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World of Relations

World of Relations: The Achievement of Peter Taylor

DAVID M. ROBINSON
Copyright Date: 1998
Pages: 224
https://www.jstor.org/stable/j.ctt130j04n
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  • Book Info
    World of Relations
    Book Description:

    A leading figure in modern southern literature, described byNewsweekas "one of the best American storytellers," Peter Taylor secured a national following through his long relationship with theNew Yorkerand his widely read volumes from the 1980s,The Old Forest and Other StoriesandA Summons to Memphis. The Pulitzer Prize-winning author's portrayals of the battles of strong-willed fathers and mothers with their equally strong-willed sons are at the center of his achievement in fiction.

    David Robinson presents Taylor as a writer deeply concerned with the interworkings of family relationships, and emphasizes his role as chronicler of the shifts in southern culture in this century.World of Relationsprovides an important critical assessment of the work of one of the South's greatest writers, and includes the first extensive critical discussion of Taylor's last two works,The Oracle of Stoneleigh Court(1993) andIn the Tennessee Country(1994).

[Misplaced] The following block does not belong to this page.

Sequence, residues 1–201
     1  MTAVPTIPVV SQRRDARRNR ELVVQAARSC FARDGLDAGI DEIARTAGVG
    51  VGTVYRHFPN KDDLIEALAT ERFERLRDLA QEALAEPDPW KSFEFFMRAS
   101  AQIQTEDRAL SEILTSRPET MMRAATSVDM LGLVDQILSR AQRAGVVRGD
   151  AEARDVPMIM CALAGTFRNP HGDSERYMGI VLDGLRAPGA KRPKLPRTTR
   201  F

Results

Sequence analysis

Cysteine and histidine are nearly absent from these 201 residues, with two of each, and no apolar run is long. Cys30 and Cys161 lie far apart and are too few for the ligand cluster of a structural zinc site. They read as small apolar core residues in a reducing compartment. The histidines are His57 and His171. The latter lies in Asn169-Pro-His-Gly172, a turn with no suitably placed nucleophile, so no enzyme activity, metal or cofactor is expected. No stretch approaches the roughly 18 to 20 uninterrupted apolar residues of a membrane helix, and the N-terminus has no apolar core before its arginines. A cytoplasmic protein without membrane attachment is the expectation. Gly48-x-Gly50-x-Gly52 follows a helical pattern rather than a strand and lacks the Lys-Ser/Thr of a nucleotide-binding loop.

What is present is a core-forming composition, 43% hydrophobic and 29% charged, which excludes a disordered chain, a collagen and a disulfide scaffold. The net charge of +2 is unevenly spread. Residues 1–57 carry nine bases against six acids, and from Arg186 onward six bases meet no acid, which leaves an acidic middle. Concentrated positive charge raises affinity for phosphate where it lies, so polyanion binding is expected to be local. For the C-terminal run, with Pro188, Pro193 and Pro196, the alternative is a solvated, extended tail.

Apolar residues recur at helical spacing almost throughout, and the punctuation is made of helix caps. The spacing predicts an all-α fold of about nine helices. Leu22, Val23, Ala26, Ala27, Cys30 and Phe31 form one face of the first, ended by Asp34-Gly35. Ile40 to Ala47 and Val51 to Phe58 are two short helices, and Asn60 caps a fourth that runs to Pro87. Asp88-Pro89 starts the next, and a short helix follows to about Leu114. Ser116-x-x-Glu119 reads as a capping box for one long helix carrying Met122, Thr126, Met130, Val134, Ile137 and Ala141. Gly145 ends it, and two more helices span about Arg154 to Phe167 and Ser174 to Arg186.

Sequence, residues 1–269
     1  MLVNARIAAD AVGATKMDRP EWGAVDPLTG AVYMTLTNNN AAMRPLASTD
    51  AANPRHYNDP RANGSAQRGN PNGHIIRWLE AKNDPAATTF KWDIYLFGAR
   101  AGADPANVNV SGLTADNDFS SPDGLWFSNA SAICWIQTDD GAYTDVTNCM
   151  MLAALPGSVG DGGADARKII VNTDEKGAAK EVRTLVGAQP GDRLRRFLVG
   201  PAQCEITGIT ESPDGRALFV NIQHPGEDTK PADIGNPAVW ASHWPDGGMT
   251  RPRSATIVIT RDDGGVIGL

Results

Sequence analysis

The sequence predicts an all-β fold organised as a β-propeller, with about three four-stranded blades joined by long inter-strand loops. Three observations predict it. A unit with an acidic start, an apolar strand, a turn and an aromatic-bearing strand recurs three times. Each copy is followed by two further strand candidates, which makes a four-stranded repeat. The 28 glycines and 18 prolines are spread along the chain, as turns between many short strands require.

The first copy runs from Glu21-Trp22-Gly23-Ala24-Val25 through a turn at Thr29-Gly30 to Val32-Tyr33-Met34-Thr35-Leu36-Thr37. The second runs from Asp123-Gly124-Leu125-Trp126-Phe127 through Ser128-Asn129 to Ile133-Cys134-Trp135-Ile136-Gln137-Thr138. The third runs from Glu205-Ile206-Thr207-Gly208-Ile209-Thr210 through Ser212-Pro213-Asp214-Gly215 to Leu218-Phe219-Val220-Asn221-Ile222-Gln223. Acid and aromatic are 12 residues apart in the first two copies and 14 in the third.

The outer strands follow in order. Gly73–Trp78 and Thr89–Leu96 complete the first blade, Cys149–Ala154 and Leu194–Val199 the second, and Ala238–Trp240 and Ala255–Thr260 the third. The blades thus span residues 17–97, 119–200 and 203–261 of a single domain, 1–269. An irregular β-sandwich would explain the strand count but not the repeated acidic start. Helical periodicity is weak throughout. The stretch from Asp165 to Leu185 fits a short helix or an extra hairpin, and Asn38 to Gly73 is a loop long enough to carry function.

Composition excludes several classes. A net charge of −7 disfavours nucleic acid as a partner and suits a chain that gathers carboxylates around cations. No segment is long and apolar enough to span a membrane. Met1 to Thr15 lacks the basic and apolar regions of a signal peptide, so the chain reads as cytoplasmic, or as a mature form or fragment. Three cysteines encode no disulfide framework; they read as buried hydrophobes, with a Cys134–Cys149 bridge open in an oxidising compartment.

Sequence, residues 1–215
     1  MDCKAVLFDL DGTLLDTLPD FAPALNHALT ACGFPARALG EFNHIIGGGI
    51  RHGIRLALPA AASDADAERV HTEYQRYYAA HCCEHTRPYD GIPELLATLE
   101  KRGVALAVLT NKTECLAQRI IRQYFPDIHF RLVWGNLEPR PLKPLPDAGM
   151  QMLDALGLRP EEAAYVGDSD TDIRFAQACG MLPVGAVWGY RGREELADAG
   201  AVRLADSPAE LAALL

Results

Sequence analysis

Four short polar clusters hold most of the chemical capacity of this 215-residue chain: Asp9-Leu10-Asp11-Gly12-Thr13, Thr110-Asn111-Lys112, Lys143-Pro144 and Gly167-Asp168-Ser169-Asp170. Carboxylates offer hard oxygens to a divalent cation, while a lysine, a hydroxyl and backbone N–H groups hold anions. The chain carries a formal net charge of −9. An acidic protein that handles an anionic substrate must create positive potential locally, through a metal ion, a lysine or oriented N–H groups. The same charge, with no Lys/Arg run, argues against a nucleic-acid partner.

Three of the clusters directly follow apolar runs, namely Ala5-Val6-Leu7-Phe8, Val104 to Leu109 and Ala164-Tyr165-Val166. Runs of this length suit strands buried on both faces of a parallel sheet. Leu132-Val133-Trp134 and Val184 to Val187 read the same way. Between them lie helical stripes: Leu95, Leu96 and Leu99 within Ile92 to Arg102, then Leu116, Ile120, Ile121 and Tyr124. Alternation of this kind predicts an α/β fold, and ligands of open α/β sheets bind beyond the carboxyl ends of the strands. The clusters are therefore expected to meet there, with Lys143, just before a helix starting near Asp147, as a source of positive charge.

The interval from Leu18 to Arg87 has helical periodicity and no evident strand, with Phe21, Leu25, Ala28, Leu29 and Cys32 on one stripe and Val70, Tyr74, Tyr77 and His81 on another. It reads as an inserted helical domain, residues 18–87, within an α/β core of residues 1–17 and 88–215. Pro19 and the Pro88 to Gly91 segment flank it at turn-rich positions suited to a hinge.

eISBN: 978-0-8131-5774-0
    Subjects: Language & Literature

Table of Contents

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  1. Front Matter
    (pp. i-vi)
  2. Table of Contents
    (pp. vii-viii)
  3. Preface
    (pp. ix-x)
  4. Abbreviations
    (pp. xi-xii)
  5. Introduction
    (pp. 1-8)

    In 1959 Peter Taylor published his third collection of stories under the titleHappy Families Are All Alike.Both the historical moment of its publication and the nuances of the title’s implications reveal Taylor’s overall purposes as a writer of fiction and drama. Launching his career in the late 1940s and 1950s, Taylor wrote during the Cold War era, in which the cultural pressure for a national consensus centered on the construction of the “family,” usually defined as the nuclear unit of father, mother, and children.¹ The normative quality of this concept was perhaps most memorably reinforced through the 1950s...

  6. Part 1 Family Relations

    • 1 Fathers and Sons
      (pp. 11-38)